Plutarch‘s Alexander: Problems of Interpretation
Articles
Nijolė Juchnevičienė
Published 2010-01-01
https://doi.org/10.15388/Litera.2010.3.7703
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How to Cite

Juchnevičienė N. (2010) “Plutarch‘s Alexander: Problems of Interpretation”, Literatūra, 52(3), pp. 34-43. doi: 10.15388/Litera.2010.3.7703.

Abstract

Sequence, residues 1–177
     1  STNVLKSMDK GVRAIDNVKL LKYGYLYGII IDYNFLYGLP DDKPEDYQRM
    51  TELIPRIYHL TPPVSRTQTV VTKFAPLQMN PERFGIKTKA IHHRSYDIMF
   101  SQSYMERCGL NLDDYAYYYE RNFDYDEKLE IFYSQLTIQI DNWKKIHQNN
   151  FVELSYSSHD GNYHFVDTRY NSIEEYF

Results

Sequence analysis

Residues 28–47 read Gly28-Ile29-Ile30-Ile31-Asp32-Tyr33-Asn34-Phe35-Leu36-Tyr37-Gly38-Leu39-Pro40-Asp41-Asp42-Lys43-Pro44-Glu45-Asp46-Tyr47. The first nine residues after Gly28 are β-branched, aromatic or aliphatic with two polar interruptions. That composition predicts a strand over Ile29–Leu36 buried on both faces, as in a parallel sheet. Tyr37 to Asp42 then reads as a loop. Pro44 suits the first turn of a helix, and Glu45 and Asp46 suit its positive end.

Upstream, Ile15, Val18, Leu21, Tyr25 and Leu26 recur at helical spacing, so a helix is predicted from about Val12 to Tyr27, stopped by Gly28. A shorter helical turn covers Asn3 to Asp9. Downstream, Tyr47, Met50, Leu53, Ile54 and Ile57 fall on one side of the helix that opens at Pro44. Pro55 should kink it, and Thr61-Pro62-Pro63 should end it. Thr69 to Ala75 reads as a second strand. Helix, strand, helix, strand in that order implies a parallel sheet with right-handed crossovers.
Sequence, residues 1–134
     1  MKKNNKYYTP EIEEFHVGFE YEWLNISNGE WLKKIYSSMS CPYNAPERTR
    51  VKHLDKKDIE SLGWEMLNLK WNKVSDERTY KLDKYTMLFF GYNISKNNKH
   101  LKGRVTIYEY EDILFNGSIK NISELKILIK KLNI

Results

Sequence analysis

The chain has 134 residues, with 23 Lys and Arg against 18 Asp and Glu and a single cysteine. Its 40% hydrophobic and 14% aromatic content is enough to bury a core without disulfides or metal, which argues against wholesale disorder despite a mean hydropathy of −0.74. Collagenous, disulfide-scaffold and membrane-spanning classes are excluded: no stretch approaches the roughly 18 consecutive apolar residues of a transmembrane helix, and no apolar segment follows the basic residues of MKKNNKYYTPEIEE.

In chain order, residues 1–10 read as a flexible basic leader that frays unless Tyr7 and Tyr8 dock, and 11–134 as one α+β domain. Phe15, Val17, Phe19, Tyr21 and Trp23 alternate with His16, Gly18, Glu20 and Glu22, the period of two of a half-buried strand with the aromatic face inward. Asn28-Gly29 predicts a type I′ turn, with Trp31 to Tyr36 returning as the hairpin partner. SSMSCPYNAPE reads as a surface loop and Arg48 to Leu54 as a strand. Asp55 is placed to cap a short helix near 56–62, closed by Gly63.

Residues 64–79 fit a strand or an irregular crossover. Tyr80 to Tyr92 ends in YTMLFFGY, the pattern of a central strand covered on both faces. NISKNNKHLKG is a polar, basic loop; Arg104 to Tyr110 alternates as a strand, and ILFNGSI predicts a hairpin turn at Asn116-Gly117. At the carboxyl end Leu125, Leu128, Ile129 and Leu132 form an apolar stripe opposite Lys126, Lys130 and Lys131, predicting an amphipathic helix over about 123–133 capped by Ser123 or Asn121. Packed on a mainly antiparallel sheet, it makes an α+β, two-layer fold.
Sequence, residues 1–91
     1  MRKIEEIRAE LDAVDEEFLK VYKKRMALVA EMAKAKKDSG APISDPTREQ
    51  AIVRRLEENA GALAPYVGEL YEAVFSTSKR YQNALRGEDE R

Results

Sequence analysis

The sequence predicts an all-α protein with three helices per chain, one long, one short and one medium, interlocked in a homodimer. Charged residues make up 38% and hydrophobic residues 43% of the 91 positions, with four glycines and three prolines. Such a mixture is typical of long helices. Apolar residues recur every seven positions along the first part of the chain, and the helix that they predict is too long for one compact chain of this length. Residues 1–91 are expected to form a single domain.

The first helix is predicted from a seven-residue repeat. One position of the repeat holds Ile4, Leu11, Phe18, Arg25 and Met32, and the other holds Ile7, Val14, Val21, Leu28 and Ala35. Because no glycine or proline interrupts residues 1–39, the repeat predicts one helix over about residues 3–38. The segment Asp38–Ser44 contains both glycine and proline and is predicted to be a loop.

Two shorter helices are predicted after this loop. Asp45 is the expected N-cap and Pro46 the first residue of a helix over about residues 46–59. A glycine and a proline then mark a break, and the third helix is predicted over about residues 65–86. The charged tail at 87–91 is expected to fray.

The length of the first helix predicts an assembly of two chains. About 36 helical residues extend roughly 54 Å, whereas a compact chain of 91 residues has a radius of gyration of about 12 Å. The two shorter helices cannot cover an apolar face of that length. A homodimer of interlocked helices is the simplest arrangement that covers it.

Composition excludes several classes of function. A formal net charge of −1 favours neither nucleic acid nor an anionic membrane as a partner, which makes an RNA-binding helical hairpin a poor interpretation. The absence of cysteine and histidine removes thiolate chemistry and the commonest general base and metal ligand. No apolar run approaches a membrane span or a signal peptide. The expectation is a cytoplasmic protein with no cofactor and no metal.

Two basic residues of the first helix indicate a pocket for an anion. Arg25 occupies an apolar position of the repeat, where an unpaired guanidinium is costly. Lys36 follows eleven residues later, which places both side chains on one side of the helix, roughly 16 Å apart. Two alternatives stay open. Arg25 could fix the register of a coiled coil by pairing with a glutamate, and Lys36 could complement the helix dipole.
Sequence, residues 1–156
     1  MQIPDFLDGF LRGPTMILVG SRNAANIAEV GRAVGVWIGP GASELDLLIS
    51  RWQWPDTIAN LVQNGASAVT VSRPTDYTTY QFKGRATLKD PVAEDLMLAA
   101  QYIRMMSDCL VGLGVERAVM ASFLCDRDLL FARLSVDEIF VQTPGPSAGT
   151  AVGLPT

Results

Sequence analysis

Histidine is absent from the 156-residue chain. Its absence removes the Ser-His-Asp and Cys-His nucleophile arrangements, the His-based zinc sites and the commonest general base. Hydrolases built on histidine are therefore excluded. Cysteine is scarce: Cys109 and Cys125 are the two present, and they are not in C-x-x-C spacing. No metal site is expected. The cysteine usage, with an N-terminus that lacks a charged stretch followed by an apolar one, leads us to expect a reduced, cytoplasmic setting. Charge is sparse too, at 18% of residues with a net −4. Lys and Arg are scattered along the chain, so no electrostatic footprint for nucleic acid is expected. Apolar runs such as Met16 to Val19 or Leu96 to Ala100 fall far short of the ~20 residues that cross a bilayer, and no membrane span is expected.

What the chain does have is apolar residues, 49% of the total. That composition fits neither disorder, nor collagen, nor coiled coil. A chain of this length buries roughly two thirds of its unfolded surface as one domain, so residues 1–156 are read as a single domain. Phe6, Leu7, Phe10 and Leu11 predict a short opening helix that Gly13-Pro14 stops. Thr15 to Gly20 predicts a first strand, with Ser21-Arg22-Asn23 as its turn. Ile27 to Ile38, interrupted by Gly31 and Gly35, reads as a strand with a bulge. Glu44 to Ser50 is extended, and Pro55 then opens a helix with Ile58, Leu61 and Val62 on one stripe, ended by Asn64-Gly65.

Alexander‘ s character and his activities occupy a special position in the works of Plutarch. Alexander’s Life is the second largest life in the corpus, there are two elaborated speeches on him included intoMoralia, and he is often mentioned in the other pieces of this corpus. The speeches, usually called De Alexandri Magni fortuna aut virtute (A and B), were written by the young Plutarch. They belong to the epideictic rhetoric tradition and are based on the opposition between the hero’s ἀρετήand τύχη, which was in general not favor­able to him. According to Plutarch, all Alexander’s life was a struggle between τύχη and ἀρετή. The speeches reveal the impressive portrait of Alexander not only as an invincible warrior, but also as a philosopher in arms, whose immortal achievements are the best proof of his ἀρετή. He managed to overcome the unfavorable τύχη and to civilize the world of the barbarians. There is a difference of interpretation of the character between the speeches and the Life. Alexander is not as perfect there as in the speeches, but his character still is in the center of the narration. The motive of ἀρετήvsτύχη is also present and Plutarch still sticks to his earlier opinion that Alexander’s ἀρετή, not τύχη was the decisive factor in his life. Plutarch notices the changes in Alexander and his negative features, but at the same time, he tries to explain and extenuate his behavior pointing out to Alexander’s extreme valuation of his δόξα, which he regarded more important than the royal power and the life itself. In my opinion, Alexander’s attitude to his δόξα reveals the difference between the heroes of the pair, Alexander and Caesar. This differ­ence is also expanded in the detailed description of the post-mortal status and fate of their bodies, the effect that reminiscence of them makes on the living. I agree with the opinion, that Caesar is portrayed as a tyrant, who after achieving his egotistic goals was destroyed by the very powers that had helped to achieve it. Caesar in the Plutarch’s lifebelongs to the realm of tragedy. Plutarch’s Alexander belongs to different stylistic vein, that of the heroic epos.
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